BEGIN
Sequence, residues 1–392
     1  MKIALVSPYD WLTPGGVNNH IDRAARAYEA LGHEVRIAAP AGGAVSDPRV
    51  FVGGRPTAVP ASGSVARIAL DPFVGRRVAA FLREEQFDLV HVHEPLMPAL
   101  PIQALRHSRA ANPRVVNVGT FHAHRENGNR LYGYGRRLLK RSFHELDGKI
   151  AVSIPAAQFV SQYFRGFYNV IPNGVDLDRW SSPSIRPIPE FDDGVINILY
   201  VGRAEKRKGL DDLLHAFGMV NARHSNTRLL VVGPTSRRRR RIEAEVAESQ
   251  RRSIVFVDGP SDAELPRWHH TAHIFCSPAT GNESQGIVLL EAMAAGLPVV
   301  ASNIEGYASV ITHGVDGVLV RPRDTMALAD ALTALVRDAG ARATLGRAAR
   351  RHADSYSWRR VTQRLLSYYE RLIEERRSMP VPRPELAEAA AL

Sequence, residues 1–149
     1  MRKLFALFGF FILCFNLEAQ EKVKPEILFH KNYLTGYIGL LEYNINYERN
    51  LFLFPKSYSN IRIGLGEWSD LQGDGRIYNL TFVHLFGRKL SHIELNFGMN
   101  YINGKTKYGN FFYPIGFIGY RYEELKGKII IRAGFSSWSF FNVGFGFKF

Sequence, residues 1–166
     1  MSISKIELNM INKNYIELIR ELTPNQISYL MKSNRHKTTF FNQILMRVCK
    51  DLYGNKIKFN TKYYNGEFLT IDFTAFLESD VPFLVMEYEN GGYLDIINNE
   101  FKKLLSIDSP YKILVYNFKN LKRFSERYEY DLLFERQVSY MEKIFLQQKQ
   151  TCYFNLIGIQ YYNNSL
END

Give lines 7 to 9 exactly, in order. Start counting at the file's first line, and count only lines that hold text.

   251  RRSIVFVDGP SDAELPRWHH TAHIFCSPAT GNESQGIVLL EAMAAGLPVV
   301  ASNIEGYASV ITHGVDGVLV RPRDTMALAD ALTALVRDAG ARATLGRAAR
   351  RHADSYSWRR VTQRLLSYYE RLIEERRSMP VPRPELAEAA AL